Fed Officials Warned of Slowdown Without Stimulus

In notes from their September meeting, Federal Reserve officials said optimism about a strong rebound hinged on government help.

By Jeanna Smialek

WASHINGTON — Federal Reserve officials were counting on Congress and the White House to pass additional aid for households and businesses hit by the pandemic as they laid out an optimistic forecast for the economic recovery last month. Now, that outlook is in jeopardy.

In September, the Fed revised its economic forecasts to reflect a much rosier scenario than officials had penciled in earlier in the pandemic recession: Unemployment was seen dipping to 7.6 percent by the end of the year, down from a forecast of 9.3 percent in June. Growth was seen recovering by more, after plummeting early in the year.

But Fed officials “noted that their economic outlook assumed additional fiscal support and that if future fiscal support was significantly smaller or arrived significantly later than they expected, the pace of the recovery could be slower than anticipated,” according to minutes from the Sept. 15-16 meeting, which were released on Wednesday.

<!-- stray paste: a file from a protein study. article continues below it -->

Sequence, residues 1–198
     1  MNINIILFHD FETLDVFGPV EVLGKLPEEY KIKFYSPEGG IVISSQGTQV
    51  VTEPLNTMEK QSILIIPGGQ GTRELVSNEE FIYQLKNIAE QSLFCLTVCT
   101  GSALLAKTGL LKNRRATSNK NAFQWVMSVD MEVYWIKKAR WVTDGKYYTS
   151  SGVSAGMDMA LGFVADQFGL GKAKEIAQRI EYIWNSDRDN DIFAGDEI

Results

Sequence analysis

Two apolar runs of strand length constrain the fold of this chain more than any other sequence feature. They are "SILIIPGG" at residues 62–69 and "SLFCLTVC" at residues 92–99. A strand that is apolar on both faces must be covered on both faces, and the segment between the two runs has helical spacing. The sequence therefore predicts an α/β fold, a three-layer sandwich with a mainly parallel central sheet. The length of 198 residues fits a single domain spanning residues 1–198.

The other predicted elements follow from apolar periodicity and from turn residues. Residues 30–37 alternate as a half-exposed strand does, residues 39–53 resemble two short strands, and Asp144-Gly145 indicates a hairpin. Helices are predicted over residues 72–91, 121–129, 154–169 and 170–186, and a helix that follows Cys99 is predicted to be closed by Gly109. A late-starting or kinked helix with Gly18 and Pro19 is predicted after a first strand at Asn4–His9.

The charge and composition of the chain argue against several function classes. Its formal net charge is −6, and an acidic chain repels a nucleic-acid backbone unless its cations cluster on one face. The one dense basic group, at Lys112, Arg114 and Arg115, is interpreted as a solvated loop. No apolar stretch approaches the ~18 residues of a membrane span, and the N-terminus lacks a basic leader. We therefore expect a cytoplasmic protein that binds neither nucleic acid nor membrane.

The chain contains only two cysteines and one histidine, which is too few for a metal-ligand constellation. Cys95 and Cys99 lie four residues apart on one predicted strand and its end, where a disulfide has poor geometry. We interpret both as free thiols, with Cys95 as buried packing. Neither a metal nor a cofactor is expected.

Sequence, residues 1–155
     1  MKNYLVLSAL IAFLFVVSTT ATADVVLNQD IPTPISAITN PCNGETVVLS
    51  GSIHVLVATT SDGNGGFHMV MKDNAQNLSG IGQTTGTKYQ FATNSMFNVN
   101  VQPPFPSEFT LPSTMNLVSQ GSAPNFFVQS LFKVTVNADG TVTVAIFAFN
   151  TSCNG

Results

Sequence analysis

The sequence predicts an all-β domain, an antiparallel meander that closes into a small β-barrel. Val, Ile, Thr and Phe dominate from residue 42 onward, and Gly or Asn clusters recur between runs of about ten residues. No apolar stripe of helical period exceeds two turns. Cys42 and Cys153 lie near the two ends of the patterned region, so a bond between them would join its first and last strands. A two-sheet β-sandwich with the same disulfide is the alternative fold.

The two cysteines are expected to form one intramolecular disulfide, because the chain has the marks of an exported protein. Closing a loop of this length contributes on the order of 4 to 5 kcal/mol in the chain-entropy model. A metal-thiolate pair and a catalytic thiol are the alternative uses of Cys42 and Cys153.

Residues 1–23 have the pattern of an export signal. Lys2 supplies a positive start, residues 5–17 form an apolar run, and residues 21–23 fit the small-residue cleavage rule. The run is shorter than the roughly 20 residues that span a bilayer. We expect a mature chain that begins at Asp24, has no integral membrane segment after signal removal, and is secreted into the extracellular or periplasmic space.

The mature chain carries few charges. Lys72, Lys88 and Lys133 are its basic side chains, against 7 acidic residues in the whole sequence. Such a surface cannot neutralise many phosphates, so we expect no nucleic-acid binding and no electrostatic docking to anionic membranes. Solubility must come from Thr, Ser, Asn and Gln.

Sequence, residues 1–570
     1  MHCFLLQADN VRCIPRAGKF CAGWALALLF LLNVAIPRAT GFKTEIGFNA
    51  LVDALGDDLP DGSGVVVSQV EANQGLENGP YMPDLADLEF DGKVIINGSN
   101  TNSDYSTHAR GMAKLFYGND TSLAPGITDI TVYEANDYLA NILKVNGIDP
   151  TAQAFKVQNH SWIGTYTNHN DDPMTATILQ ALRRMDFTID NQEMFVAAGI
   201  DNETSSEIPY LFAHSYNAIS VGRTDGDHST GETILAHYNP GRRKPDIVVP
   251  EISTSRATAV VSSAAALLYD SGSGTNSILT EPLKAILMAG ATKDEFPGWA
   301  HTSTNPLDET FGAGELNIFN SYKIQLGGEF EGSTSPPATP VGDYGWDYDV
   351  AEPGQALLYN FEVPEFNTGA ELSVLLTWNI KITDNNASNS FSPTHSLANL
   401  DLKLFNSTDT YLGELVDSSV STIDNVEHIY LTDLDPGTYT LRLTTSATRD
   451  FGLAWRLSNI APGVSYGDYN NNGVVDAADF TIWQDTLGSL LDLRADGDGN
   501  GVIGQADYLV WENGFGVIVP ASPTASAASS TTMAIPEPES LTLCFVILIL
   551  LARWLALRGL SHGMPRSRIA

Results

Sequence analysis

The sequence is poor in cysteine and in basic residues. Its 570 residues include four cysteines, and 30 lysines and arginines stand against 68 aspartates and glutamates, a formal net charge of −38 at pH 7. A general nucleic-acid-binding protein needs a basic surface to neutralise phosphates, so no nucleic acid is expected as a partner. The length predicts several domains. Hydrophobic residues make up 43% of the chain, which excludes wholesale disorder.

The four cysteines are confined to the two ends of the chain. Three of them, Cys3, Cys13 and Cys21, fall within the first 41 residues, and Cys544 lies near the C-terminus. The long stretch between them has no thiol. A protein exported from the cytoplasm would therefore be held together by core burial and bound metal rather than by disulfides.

The Fed’s staff, likewise, “assumed the enactment of some additional fiscal policy support this year” without which “the pace of the economic recovery would likely be slower.”

Now, the bet that more public money is right around the corner is crumbling. President Trump pulled the plug on stimulus negotiations on Tuesday, before suggesting later in the evening that he would approve stand-alone bills.

Risks to the economic outlook that the Fed fretted over in September seem to be growing more prominent by the day.

Last month, Fed officials said they “remained concerned about the possibility of additional virus outbreaks,” noting they “could result in increases in bankruptcies and defaults, put stress on the financial system, and lead to disruptions in the flow of credit to households and businesses.”

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